The Road to Comedy: The Films of Bob Hope
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Although Bob Hope has been the subject of many biographies, no book yet has fully explored the comic persona he created in vaudeville and radio, brought to fruition in dozens of films from the 1930s through the 1960s, and made a lasting influence on comedians from Woody Allen to Conan O'Brien. Now, in The Road to Comedy: The Films of Bob Hope, noted film comedy authority Donald W. McCaffrey finally places Hope in his well-deserved position among the highest rank of film comedians of his era. Drawing on archival materials and interviews with collaborators, McCaffrey analyzes each major film in depth, with due attention to particular sequences that reveal how Hope created a unique comic personality that lasted over dozens of very popular films, from the Road movies with Bing Crosby through such underrated classics as Son of Paleface, Monsieur Beaucaire, and Casanova's Big Night.
In so doing, McCaffrey introduces readers to a Bob Hope now overshadowed by his own reputation. We see here that Hope's significance has been greater than any USO appearance or television special might suggest. Because many of these movies have recently been made available on DVD―the first time in decades that they've been easily available to the general public―the volume will also serve as an excellent introduction for those wanting to see these films for the first time.
have some of the characteristics of the silent screen and early sound THERE WAS HOPE AND HARTMANN 51 comedy shorts treatment of the visit to the dentist. It certainly seems odd that a visit to what some people might call an "office of pain" could be the subject of amusement. Nevertheless, it is. W. C. Fields, in his 1932 two-reel The Dentist, explored the laughter "comic pain" delivers. Fields enacted, as most know, a type of "off the wall" burlesque of oddball incidents in many of his films.
popular sitcom, The Life of Riley, formed the basic character to complement Hope's Valentine. The lumbering, easily confused character meets the lubricious, excitable one. Some of Bendix's best moments occur when he has trouble comprehending a complicated turn of events. Victor O'Brien, in Where There's Life says with disgruntlement, "What a revoltin' development." It is a stock comic utterance he used in many episodes of the radio and television series, The Life of Riley.3 Bob Hope has a much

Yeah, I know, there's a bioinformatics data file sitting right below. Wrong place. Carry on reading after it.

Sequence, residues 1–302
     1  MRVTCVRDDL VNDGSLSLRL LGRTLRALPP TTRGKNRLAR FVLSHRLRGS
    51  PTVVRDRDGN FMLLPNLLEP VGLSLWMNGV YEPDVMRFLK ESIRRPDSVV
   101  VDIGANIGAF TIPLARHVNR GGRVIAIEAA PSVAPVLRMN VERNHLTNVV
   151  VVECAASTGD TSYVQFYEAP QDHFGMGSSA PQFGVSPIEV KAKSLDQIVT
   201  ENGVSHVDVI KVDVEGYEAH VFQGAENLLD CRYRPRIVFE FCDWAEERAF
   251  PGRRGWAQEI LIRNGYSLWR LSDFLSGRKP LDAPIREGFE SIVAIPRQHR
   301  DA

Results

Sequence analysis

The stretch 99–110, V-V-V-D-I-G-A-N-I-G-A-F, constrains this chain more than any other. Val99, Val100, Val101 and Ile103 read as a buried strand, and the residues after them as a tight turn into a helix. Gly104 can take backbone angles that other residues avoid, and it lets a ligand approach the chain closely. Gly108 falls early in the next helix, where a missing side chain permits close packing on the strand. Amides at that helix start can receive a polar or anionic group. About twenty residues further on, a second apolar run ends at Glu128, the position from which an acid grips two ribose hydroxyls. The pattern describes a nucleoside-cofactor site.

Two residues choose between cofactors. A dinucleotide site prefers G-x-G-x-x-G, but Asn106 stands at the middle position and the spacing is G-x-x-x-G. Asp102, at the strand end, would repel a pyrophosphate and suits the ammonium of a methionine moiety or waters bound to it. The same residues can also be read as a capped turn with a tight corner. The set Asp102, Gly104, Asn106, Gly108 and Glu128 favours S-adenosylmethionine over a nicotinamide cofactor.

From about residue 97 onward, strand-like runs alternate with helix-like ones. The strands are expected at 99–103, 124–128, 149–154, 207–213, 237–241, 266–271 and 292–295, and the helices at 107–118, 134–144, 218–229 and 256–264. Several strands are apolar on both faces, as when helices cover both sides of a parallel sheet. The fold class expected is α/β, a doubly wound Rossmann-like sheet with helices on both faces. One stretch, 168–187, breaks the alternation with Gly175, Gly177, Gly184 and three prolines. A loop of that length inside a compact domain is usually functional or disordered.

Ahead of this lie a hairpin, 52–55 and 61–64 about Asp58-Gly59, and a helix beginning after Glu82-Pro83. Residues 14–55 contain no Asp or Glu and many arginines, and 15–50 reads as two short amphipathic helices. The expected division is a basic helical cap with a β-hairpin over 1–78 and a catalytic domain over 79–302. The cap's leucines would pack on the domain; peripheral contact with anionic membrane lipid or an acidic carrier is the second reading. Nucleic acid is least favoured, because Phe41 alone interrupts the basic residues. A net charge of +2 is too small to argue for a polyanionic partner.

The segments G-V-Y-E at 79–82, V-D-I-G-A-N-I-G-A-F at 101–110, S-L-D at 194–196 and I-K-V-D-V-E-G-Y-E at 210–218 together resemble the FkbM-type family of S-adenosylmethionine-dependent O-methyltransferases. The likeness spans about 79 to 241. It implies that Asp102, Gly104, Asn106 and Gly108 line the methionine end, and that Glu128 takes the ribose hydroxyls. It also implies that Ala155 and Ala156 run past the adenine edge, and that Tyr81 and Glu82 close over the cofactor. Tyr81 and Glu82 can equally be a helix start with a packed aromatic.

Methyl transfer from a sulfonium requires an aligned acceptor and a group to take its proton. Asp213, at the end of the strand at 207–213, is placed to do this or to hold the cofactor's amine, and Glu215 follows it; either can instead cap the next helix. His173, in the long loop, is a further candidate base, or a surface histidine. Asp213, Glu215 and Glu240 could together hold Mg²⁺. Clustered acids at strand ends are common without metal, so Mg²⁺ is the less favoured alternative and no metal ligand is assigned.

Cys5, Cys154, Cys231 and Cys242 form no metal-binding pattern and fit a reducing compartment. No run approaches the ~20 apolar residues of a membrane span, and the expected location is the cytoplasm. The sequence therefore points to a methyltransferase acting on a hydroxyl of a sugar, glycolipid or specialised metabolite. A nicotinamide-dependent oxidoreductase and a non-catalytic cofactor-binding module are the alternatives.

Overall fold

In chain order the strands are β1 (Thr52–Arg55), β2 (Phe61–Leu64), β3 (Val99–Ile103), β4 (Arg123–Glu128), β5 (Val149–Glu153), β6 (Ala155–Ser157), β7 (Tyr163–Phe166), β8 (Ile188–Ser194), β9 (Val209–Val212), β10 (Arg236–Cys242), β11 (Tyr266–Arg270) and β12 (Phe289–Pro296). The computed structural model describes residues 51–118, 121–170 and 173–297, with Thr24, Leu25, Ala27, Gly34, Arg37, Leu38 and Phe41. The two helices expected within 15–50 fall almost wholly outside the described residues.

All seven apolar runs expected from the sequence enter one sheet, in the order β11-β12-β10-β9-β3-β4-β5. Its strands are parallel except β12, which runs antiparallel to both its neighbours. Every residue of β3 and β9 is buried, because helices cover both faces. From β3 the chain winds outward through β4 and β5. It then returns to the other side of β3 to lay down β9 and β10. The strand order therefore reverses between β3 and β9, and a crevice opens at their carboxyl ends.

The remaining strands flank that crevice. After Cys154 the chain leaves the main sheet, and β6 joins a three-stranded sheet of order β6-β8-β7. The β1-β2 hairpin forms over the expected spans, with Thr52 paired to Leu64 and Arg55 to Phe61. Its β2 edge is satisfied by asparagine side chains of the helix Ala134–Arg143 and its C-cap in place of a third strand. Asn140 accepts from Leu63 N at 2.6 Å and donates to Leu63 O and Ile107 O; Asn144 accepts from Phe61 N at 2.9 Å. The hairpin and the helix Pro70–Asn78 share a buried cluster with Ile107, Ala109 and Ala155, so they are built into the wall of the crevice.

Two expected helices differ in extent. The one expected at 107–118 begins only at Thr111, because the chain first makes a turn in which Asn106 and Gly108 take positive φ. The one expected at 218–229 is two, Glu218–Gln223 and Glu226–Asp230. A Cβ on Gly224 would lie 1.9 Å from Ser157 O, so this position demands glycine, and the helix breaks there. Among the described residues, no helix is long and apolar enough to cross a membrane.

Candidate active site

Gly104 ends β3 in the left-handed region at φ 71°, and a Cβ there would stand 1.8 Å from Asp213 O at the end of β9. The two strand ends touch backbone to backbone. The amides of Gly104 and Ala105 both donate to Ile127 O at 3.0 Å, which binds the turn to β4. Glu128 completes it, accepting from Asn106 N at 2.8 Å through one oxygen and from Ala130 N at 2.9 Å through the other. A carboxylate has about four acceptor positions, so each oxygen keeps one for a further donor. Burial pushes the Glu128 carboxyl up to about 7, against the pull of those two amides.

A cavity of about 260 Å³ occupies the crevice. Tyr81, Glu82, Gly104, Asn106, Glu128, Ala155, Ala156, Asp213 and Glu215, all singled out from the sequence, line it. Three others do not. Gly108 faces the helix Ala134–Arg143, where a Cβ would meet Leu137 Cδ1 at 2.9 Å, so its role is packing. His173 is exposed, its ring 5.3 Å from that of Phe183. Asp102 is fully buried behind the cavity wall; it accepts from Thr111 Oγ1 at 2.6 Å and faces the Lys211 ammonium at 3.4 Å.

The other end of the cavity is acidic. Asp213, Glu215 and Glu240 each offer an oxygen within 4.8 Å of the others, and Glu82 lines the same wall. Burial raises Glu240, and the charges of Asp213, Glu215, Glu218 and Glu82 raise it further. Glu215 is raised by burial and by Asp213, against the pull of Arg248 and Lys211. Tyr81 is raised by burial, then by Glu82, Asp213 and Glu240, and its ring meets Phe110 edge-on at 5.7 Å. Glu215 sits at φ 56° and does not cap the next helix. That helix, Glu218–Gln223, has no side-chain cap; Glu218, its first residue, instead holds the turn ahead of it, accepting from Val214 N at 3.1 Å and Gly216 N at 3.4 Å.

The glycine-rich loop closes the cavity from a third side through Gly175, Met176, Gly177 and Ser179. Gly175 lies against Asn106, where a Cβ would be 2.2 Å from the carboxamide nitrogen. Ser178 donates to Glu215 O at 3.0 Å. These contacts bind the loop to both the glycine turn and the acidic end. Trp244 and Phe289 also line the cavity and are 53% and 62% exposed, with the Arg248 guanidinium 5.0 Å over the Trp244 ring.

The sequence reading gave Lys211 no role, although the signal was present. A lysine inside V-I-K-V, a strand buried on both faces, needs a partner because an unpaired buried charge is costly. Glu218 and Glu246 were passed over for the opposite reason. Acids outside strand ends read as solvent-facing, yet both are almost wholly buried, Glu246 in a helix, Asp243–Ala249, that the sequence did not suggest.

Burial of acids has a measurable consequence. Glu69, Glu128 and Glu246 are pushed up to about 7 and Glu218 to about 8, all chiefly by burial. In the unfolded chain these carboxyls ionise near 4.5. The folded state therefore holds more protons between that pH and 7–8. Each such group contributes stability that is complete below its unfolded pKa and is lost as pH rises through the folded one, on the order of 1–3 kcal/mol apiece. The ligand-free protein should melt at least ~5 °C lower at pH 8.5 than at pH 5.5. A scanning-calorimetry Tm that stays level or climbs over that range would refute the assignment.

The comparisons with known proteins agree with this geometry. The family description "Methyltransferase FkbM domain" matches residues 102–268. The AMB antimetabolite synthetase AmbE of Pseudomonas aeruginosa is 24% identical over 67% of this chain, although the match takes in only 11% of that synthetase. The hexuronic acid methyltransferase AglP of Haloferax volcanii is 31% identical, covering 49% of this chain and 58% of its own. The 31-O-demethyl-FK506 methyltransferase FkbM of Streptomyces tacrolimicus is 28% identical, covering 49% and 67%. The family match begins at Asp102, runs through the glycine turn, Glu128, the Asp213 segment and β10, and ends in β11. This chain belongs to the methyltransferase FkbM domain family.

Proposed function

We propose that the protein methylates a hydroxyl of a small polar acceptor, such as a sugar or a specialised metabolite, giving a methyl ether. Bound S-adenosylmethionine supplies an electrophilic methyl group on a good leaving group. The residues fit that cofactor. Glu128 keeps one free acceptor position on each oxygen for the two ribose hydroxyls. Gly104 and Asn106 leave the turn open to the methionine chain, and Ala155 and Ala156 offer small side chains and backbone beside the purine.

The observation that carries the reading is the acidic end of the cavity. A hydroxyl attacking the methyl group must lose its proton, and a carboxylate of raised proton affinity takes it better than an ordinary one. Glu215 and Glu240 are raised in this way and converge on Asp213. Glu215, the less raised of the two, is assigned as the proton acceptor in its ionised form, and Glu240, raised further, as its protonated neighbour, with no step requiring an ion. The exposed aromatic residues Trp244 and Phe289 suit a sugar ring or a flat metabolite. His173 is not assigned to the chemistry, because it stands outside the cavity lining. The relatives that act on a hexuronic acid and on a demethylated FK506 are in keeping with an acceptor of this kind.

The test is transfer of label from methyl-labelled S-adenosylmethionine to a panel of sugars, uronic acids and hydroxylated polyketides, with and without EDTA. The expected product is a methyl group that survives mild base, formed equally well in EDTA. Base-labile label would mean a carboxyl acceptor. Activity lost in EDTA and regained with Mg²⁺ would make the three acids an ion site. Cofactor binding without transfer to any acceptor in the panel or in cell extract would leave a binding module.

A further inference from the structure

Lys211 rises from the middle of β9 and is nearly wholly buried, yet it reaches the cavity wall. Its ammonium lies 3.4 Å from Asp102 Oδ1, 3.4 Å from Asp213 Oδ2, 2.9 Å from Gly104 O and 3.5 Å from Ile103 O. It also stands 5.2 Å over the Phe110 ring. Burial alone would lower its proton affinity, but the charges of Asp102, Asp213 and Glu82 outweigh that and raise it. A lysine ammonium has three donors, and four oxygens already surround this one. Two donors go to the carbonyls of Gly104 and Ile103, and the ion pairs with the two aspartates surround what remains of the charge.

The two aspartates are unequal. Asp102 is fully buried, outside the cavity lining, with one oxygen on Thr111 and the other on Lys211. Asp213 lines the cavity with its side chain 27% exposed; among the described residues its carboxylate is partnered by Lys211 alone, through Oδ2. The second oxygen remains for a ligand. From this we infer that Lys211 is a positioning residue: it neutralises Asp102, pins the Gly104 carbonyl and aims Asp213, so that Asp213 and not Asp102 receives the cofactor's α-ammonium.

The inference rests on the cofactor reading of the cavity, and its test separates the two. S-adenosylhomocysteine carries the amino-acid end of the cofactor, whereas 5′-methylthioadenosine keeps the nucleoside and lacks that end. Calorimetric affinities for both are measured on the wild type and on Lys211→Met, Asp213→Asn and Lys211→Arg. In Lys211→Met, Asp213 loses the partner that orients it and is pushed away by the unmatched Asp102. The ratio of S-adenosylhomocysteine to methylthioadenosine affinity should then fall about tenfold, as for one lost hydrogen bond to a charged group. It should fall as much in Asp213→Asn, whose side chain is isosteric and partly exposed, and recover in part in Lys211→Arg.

life. It is an extremely busy movie, with more action than insight, and a method of exposition that seems to consist mainly of voice-over wisecracks.14 While there is a tendency to blame Hope for this last, 1972 movie that shows a decline in the quality of his films, some of the diminishing effectiveness comes from the writers of the script, Bob Fischer and Arthur Marx. The voice-over narration includes gags that do not give Hope as a TV celebrity enough jokes to sustain such an accounting of
given to him, or he did so if the material didn't work with the audience. This action doesn't respect the playwright and the screenwriter. However, m a n y comedians from vaudeville and the movies worked this way, even Arthur's father, Groucho. One criticism that could be valid from Lawrence Quirk states: Though neglecting his artistic potential, indeed thwarting it at times in favor of his popular persona, he nonetheless parlayed his chutzpah and strong, driving ego and genuine gifts (however,
revue or musical films. He thought his 1939 Some Like It Hot (renamed Rhythm Romance for television and video tape) was a failure. A revisionist view gives the film more credit than he did. He joked about his effort: Some Like It Hot was the rock-bottom point in my movie career. After that one, there was no place to go but up. For years afterward, Bing wouldn't let me forget it. Whenever I started to give him the needle about something, he came back with a rejoinder, something like, "By the way,